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Supreme Court To Take Up Florida, Georgia Conflict Over Water — Again

The Chattahoochee River, the main source of water for the metro Atlanta area, is also involved in this litigation, though the water suppliers in the area have worked to become more efficient and reduce per capita water use. Photo courtesy WABE/The Associated Press

The Flint River starts from springs near the Atlanta airport.

It grows as it flows south from there, and eventually rushes right along Casey Cox’s farm, in Camilla, in Southwest Georgia.

“We have a really high, muddy, winter river right now that we’re standing beside.”

A thick old live oak tree grows on the river bank. Other trees are partially submerged by the high water.

“There’s some ducks.”

Cox’s family grows sweet corn, peanuts and timber here. She’s a sixth-generation farmer, now taking over operations from her dad.

She says this river is special to her. She grew up on it, and her love for the Flint is part of what brought her back to her family’s farm after college.

“In the summer it’s really low and clear and beautiful, and there’s a sandbar there, which I love.”

Cox is 29 years old…. Which means, that for pretty much as long as she’s been alive… Florida and Georgia have been fighting over the water in this river.

She says her dad was really involved in advocating for Georgia farmers in the water wars, earlier in HIS career.

“Now he’s transitioned that over to me along with the farm, so it’s just really unbelievable to think that we’re going into the second generation of these water issues.

Florida and Alabama say Georgia uses too much of the water in the rivers that the states share.

Right now, the main case in this fight is a Supreme Court lawsuit, brought by Florida against Georgia.

Florida says, in times of drought, Georgia’s water use has affected the environment along the Apalachicola River in the Florida Panhandle. The state says that’s contributed to the crash of the oyster population — and the oyster INDUSTRY — in Apalachicola Bay.

So Florida is asking the Supreme Court to put a cap on Georgia’s water use during droughts.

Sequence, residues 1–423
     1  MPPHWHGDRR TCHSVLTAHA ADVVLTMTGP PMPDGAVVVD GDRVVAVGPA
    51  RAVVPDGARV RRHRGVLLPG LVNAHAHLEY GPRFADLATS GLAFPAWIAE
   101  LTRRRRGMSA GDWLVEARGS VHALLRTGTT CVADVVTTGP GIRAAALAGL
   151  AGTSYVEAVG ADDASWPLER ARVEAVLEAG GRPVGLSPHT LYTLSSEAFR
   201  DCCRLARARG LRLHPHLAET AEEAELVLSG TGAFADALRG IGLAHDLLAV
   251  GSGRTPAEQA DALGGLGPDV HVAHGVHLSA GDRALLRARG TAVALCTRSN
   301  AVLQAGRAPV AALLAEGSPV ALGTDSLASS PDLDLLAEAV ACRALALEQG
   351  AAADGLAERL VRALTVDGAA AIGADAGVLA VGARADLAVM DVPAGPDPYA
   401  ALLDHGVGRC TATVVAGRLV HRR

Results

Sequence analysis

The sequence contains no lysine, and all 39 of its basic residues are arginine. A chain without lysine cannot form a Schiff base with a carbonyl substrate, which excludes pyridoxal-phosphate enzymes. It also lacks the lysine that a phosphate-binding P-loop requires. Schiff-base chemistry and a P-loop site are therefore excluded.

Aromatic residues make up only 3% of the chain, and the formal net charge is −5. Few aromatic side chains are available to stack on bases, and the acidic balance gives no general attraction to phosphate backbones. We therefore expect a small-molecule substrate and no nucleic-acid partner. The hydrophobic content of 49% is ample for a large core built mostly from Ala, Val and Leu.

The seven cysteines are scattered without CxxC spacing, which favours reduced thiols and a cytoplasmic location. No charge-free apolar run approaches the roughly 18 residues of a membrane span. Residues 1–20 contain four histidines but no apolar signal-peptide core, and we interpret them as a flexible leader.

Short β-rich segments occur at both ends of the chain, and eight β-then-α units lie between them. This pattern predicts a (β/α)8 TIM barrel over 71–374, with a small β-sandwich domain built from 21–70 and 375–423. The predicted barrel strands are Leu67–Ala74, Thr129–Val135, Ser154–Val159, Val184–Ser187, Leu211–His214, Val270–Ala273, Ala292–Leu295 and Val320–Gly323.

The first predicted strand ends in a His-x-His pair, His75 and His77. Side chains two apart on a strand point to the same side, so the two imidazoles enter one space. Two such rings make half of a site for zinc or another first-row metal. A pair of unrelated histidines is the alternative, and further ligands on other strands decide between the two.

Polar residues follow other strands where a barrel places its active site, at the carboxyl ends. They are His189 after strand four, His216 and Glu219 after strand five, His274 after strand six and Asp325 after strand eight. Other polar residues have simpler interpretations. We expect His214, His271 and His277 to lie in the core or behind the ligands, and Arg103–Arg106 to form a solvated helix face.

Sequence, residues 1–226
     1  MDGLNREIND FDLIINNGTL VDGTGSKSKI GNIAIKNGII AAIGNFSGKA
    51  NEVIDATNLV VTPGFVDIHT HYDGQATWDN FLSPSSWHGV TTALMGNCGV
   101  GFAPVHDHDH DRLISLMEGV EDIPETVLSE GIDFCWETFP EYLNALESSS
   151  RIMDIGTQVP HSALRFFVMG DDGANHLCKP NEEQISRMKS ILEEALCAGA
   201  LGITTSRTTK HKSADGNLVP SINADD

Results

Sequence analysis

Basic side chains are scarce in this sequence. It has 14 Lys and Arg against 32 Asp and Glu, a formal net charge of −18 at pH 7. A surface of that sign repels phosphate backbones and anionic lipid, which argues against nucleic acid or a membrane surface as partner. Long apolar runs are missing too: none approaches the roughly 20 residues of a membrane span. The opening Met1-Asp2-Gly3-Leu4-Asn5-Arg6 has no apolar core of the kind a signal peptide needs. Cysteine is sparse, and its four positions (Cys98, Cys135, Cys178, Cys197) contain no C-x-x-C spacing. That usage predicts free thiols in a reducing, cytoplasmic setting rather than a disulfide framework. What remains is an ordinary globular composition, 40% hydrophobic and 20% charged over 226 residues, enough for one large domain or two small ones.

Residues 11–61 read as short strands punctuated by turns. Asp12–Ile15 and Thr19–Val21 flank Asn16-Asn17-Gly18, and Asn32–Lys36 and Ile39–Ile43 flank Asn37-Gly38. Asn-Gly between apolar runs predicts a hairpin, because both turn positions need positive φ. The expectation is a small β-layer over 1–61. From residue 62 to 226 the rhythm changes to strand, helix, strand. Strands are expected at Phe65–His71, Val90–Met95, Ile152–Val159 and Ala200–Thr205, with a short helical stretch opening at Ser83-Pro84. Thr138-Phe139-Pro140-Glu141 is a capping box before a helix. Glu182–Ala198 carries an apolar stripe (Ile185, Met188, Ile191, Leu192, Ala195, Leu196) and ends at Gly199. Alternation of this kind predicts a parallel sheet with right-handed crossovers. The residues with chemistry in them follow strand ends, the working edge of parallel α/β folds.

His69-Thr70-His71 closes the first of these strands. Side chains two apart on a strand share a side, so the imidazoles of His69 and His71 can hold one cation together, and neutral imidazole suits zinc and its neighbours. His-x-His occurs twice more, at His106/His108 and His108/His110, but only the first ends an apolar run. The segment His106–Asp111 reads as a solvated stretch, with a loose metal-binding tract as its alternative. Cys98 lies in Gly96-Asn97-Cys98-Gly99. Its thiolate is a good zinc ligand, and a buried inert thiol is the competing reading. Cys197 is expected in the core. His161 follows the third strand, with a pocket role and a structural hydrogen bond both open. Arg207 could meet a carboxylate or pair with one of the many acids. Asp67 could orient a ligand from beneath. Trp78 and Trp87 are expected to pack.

And it’s come to focus on the amount of water used by Georgia farmers in the Flint River Basin — farmers like Casey Cox.

“My entire future is in agriculture and farming alongside this river, so I have to have access to water for irrigation, to give me certainty for the future, to have a strong livelihood going forward.”

Farmers say limiting their water supply would have ripple effects in the region.

“I hate to use the word cataclysmic. But it’ll be significant.”

Murray Campbell grows cotton and peanuts on the other end of Mitchell County from Cox’s farm. He says if he was told, for instance, he had to cut his water use in half, he might just decide to put it all in one crop.

“So you cut your potential for income in half, you’re going to have to cut back on something. You may have to let a man go that’s been working for you for 20 or 30 years, you might not can afford that much labor. It’ll just roll through the economy.”

And not just the local farm economy.

Doug Miell is an advisor to the Georgia Chamber of Commerce. He says if Florida wins the case, a cap on Georgia’s water use could affect Atlanta’s water supply from Lake Lanier.

And the economic impact would go beyond rural communities… because agriculture is the biggest industry in the state.

“There is no question it would flow across the entire community, and the entire state. People would be displaced.”

Georgia has argued in this Supreme Court case that any potential solution for Florida wouldn’t be worth the economic harm to Georgia. It also says Florida itself is partially to blame, for allowing overharvesting of the oysters after the BP oil spill.

Georgia says the fix Florida is asking for…. wouldn’t actually solve the oyster industry’s problems.

Two experts hired by the court to manage this case and make recommendations have sided with Georgia.

For her part, Casey Cox says she understands what people in Apalachicola are going through. She says the oystermen there, and farmers here in Georgia have a lot in common — facing shared challenges.

“We’re all impacted by drought. We all depend on these natural resources for our livelihoods.”

Cox says she hopes the states can STOP suing each other, and instead find a way to work together to find solutions.

The oral arguments are Monday morning.

Even once THIS case is over… there’s another one, brought by the state of Alabama… over some of the same water.

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